I have only just started looking at Grid 2 so this is going to be a very brief overview. Hopefuly as I explore its functionality further i’ll do some more involved posts.

The two most useful sources of information I have found thus far are:

  1. This page on the Selenium Wiki
  2. This video from the Selenium Conference of a presentation by the authors…

Pretty much everything you need to get started is on the Wiki page but below are a few things that might be useful to clarify in order to get the ‘out of the box’ behaviour working.

To start the admin server:

java -jar selenium-server-standalone-2.0rc3.jar -role hub

To start the node server:

java -jar selenium-server-standalone-2.0rc3.jar -role webdriver -hub -port 5555 (Webdriver)
java -jar selenium-server-standalone-2.0rc3.jar -role rc -hub -port 5556 (RC)

Note: the port numbers are not particularly significant but if you want to run Webdriver and RC nodes they must run on different ports.

Once this is running you should be able to browse to the admin console and see the status of your grid:


grid2 setup

IMPORTANT - By default the grid will start with a default set of browsers, 5 Firefox, 5 Chrome, 1 IE - you can change this configuration by supplying command line options when you start the node server, see the Selenium Wiki for more details.

Alternatively you can supply a config file in json format e.g.

                        "browserName":"internet explorer",


Then start the node as follows:

java -jar selenium-server-standalone-2.0rc3.jar -role webdriver -nodeConfig myconfig.json -hub

Note: I found that when using Windows VMWare images you need to ensure the following:

  1. Configure nodes with actual IP address as above (as opposed to localhost, even if running node on same machine as hub)
  2. Windows Firewall is turned off (obvious but worth mentioning)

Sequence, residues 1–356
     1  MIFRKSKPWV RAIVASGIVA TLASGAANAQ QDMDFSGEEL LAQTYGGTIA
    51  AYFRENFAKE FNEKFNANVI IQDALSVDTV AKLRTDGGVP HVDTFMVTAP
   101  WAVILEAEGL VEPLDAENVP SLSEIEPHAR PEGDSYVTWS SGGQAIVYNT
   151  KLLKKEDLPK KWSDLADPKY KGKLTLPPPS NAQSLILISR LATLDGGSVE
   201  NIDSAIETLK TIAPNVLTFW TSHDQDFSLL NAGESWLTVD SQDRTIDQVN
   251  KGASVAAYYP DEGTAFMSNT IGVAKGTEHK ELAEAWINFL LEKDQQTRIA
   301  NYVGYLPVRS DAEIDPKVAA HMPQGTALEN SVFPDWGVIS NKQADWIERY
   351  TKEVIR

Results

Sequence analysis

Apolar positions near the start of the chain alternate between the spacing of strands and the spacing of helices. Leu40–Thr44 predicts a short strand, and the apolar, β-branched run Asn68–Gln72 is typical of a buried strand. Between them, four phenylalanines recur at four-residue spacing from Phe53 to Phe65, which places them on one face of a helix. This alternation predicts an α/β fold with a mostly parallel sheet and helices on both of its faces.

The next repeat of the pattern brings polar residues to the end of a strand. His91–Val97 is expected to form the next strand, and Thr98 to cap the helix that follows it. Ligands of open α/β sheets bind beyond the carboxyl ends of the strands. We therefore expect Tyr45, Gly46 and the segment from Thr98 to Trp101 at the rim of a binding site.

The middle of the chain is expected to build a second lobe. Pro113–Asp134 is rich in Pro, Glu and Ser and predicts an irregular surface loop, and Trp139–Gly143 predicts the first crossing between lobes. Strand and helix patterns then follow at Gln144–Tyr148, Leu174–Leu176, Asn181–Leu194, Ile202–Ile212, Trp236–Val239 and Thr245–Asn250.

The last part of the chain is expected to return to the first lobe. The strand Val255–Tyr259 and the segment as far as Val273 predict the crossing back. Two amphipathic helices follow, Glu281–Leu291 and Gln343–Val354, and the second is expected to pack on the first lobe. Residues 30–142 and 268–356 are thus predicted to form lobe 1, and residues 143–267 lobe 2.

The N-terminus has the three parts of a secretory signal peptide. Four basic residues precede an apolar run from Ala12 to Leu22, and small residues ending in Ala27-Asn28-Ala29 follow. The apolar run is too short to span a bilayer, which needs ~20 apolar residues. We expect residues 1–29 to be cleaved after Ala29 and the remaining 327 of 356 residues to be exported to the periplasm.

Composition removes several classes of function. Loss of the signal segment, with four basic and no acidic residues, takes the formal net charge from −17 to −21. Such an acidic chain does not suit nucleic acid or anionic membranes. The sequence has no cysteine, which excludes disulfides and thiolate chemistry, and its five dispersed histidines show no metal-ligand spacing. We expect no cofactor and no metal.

Running Tests

It does not matter whether you run tests from plain Selenium-Webdriver, Cucumber driving Selenium-Webdriver, Cucumber & Capybara using Selenium-Webdriver, the determining factor that will result in your tests running on the grid is the options and capabilities you set when configuring your driver, here is an example of some working sets of Capabilities that I have been using when running with Cucumber/Capybara/Selenium-Webdriver.


{:url=>"http://hostname:5555/wd/hub", :browser=>:remote, :desired_capabilities=>#<Selenium::WebDriver::Remote::Capabilities:0x47336dc2 @capabilities={:browser_name=>:"internet explorer", :version=>"", :platform=>"WINDOWS", :javascript_enabled=>false, :css_selectors_enabled=>false, :takes_screenshot=>false, :native_events=>false, :rotatable=>false, :firefox_profile=>nil, :proxy=>nil, :url=>""}>, :http_client=>#<Selenium::WebDriver::Remote::Http::Default:0x17d1e01f @proxy=nil, @timeout=nil>}


{:url=>"http://hostname:5555/wd/hub", :browser=>:remote, :desired_capabilities=>#<Selenium::WebDriver::Remote::Capabilities:0x3ced3512 @capabilities={:browser_name=>:firefox, :version=>"", :platform=>"WINDOWS", :javascript_enabled=>false, :css_selectors_enabled=>false, :takes_screenshot=>false, :native_events=>false, :rotatable=>false, :firefox_profile=>#<Selenium::WebDriver::Firefox::Profile:0x1e64a937 @extensions={}, @secure_ssl=false, @load_no_focus_lib=false, @untrusted_issuer=true, @model=nil, @additional_prefs={"network.proxy.type"=>"1", "network.proxy.no_proxies_on"=>"*", "network.proxy.http"=>"proxy_host", "network.proxy.https"=>"proxy_host", "network.proxy.http_port"=>"80", "network.proxy.https_port"=>"80"}, @native_events=false>, :proxy=>nil, :url=>"http://hostname:5555/wd/hub"}>, :http_client=>#<Selenium::WebDriver::Remote::Http::Default:0x53133637 @proxy=nil, @timeout=nil>}

Parallelism on the Client

If you are using ruby to drive your tests this is most easily done using either the parallel gem or it’s more featureful brother the the parallel tests gem.

Essentially the parallel family of gems will allow you to run either parallel across cores and/or threads. Obviously the choice will be determined by your execution environment e.g. if running in a CI queue your job may only have a single core therefore you are better to go for multiple threading also when all we are doing is feeding some code to a remote server that is going to run the tests then having multiple threads may seem more sensible.